I’m all for healthy kids. And, by healthy, I mean non-obese little humans who play tag more than they play video games. Yep, count me in there.
But what is happening in school cafeterias these day is not the promotion of healthy kids. It is the subversion of parenting and a bizarre subsidy of the dairy industry. [Note: my grandfather came to this country to own a dairy farm, which is still in my family to this day...so let's not start on the American Farmer diatribe...I'm way ahead of you on that count.]
A few days ago, a four-year-old’s lunch was deemed unacceptable because it did not meet USDA guidelines. She was sent through the cafeteria line where she received chicken nuggets and milk. What was in her lunch? A turkey sandwich with a slice of cheese on it, potato chips, a banana and an apple juice. Aside from the absurdity of the whole thing, it now appears that the inspector’s objection was the lack of milk in the child’s lunch.
North Carolinians aren’t the only parents with a problem. A friend in Georgia has told me that her school mandates milk with lunch as well. But only one percent. Not skim, not two. They even send a form home with children that the parents must sign indicating that they will send their child to school with one percent milk everyday. My friend, hilariously, has not signed despite being sent six copies of this form.
Where to start? The USDA guidelines are based on a system concocted in 1902 when we believed that bread was great for you and didn’t have a lot of access to fresh vegetables and fruits in the winter time. These guidelines have been updated but are still based on the same principles. Today, these guidelines are a plate that has been split into pie pieces–about 25 percent grains, 25 percent protein, 30 percent vegetables, and 20 percent fruit. Then, oddly, there is also a cup next to the plate that just says dairy.
This means that in states that follow USDA guidelines, of which two thirds do without any changes, your child is encouraged to eat a lot of carbs. Yet, “a growing number of top nutritional scientists blame excessive carbohydrates — not fat — for America’s ills.” In fact, Dr. Frank Hu, professor of nutrition and epidemiology at the Harvard School of Public Health has said that “The overemphasis on reducing fat caused the consumption of carbohydrates and sugar in our diets to soar. That shift may be linked to the biggest health problems in America today.”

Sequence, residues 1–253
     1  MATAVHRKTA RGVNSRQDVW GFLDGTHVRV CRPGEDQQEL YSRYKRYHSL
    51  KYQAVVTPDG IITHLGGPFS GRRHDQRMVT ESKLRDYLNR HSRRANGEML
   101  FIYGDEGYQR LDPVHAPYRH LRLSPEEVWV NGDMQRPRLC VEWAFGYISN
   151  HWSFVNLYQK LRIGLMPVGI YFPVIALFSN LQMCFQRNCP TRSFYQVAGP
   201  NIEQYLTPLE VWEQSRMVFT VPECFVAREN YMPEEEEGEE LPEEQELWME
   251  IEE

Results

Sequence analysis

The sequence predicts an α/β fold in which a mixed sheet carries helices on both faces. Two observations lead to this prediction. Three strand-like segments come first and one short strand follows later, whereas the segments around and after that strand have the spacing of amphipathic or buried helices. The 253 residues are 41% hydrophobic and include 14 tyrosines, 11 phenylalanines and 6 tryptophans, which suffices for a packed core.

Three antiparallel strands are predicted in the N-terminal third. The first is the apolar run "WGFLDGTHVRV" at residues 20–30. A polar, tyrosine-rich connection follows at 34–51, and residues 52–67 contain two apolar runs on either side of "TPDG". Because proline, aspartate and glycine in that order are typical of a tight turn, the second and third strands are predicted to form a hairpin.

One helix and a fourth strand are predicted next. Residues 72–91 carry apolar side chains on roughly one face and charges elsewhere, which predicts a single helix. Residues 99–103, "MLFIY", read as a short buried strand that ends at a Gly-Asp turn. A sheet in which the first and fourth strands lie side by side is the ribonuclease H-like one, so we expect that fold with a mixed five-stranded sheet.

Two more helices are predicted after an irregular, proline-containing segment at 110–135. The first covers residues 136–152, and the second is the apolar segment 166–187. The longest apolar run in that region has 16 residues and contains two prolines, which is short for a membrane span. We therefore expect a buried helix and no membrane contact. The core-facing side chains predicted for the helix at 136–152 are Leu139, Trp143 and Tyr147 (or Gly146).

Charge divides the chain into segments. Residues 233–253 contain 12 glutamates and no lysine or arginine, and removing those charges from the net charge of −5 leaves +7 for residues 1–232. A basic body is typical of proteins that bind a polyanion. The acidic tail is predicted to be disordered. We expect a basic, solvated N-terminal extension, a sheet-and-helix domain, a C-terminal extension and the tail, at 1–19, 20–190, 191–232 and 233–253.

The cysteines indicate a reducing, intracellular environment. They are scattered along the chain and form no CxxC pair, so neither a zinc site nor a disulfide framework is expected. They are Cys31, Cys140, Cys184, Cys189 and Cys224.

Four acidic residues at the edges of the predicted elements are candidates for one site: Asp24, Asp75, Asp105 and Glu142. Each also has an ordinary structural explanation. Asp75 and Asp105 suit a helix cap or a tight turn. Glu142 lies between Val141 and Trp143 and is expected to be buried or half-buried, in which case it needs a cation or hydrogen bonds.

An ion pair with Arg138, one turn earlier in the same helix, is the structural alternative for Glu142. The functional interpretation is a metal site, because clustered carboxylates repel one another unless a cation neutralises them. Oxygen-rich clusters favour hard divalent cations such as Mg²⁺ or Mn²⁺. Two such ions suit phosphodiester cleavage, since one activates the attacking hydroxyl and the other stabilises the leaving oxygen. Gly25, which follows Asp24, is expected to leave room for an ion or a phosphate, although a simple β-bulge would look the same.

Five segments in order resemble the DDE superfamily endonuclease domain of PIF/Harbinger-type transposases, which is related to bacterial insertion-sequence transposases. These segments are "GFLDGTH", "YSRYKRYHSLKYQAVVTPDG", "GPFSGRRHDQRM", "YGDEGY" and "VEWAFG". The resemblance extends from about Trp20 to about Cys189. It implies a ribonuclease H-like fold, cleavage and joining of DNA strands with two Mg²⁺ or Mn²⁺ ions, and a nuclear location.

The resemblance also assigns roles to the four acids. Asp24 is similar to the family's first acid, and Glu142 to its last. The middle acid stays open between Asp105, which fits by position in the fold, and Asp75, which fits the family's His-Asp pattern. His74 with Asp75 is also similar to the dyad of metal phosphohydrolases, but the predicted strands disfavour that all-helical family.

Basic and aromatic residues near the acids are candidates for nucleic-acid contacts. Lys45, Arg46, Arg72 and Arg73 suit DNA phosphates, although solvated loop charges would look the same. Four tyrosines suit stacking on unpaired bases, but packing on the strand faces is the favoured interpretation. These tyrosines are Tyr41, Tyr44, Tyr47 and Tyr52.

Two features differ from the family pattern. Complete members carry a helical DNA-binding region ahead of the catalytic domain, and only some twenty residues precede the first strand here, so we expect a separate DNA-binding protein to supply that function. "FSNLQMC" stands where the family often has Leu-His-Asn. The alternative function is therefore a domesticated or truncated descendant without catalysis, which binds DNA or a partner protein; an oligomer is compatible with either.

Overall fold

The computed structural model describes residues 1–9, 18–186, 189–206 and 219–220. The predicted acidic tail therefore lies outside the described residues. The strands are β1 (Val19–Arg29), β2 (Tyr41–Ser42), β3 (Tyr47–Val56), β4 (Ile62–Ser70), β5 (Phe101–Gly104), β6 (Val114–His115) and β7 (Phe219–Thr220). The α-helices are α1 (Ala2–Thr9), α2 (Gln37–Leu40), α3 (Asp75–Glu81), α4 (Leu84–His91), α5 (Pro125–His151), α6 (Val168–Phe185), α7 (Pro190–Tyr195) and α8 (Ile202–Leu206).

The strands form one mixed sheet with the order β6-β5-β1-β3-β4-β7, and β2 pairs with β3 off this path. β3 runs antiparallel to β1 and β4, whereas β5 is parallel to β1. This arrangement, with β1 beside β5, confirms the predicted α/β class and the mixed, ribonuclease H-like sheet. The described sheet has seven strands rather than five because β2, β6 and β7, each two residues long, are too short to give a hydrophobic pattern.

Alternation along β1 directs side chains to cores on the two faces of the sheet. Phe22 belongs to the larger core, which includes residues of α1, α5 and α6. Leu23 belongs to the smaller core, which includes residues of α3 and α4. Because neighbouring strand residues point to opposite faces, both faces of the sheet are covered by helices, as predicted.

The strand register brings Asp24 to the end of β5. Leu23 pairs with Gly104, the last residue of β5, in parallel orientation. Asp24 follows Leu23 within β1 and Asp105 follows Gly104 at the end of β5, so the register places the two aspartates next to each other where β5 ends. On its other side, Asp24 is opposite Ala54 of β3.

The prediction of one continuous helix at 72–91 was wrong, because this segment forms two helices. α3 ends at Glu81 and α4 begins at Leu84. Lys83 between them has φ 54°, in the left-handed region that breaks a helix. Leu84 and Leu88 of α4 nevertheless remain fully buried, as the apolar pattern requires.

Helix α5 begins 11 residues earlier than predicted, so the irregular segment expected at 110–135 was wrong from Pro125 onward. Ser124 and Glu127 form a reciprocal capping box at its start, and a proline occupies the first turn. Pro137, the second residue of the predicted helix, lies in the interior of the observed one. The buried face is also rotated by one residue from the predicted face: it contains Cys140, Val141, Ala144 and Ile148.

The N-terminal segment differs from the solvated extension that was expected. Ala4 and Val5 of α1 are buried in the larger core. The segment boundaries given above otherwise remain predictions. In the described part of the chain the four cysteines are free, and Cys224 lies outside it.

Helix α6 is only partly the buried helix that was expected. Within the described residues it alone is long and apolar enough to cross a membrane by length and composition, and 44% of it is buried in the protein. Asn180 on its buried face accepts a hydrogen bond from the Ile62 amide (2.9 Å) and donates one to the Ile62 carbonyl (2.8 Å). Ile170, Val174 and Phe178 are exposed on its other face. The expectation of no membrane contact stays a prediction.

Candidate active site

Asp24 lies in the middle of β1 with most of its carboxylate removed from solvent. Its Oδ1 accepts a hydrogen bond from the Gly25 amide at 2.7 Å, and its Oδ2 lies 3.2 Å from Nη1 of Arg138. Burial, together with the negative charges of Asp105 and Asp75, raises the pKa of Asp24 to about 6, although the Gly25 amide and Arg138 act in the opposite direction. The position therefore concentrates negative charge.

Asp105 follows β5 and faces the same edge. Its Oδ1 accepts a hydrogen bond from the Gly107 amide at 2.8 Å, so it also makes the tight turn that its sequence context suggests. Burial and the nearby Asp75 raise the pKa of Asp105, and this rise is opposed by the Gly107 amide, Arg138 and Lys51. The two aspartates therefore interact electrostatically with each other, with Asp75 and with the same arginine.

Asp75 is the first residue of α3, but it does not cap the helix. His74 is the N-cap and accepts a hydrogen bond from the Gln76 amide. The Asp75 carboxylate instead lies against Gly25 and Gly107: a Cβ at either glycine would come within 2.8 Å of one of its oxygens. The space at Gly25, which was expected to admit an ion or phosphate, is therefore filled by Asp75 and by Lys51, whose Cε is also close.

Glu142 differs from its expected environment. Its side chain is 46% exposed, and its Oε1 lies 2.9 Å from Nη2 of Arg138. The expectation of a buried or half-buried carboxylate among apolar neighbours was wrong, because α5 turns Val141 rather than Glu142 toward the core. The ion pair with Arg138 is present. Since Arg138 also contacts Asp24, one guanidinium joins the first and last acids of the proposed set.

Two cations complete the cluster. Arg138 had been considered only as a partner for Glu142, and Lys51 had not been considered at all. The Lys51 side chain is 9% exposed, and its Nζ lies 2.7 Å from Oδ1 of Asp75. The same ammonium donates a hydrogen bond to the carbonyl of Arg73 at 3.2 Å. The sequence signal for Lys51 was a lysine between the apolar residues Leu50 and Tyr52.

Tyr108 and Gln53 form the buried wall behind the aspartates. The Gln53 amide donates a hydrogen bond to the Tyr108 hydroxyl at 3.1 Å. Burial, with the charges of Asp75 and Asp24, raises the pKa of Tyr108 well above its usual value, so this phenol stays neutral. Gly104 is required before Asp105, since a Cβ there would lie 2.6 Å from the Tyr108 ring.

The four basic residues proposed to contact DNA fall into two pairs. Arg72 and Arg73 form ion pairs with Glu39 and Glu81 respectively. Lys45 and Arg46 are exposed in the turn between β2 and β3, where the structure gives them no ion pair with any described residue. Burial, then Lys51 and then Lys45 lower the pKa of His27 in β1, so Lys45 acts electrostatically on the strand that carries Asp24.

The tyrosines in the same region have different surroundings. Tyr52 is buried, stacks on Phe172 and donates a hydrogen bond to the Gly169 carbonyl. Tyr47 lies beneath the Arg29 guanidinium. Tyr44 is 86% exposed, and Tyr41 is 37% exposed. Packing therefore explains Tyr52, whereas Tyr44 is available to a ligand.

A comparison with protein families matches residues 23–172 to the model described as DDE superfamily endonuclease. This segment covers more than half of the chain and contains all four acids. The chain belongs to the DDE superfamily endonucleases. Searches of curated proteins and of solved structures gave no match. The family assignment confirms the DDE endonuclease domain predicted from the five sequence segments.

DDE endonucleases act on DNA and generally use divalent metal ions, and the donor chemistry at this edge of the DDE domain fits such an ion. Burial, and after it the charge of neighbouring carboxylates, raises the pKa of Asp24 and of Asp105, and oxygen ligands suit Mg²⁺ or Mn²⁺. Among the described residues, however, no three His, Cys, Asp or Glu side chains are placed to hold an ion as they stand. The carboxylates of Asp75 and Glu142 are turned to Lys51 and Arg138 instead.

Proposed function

This makes sense. Humans wouldn’t have been exposed to many carbs until the advent of true agriculture only a few thousand years ago. Or a few seconds ago in evolutionary time scales. And, yet, they make sandwiches and pizza possible. So here we are.
The same is more or less true for milk. Most humans can’t digest it past infancy and so it holds no nutritional value. In the United States, the percentage is lower–about 50 million. But that number includes 75 percent of African Americans and 90 percent of Asian Americans. So, really, all these USDA requirements are doing for those kids is causing them to have stomach aches in the afternoon.
My point, of course, isn’t that we should ban carbs and milk from schools. Only that the government should have a less intrusive role given their complete inability to keep politics out of our children’s lunches and the hefty price tag these regulations force on budget-strapped school districts.
Politics, you ask? Well, of course. After the new school lunch guidelines went to Congress, Sen. Amy Klobuchar (D-Minn.) “wrote a letter … extolling the nutritional value of tomato paste, [a]nd Senators Susan Collins (R-Maine) and Mark Udall (D-Colo.) from big potato-producing states joined with the National Potato Council to fight the limits on starchy vegetables.” What happened? “In addition to preserving the tomato paste loophole, the bill Obama signed prevents the USDA from limiting servings of starchy vegetables.”
I rest my case. In the meantime, I hope your child likes milk and state inspectors rifling through her lunch bag.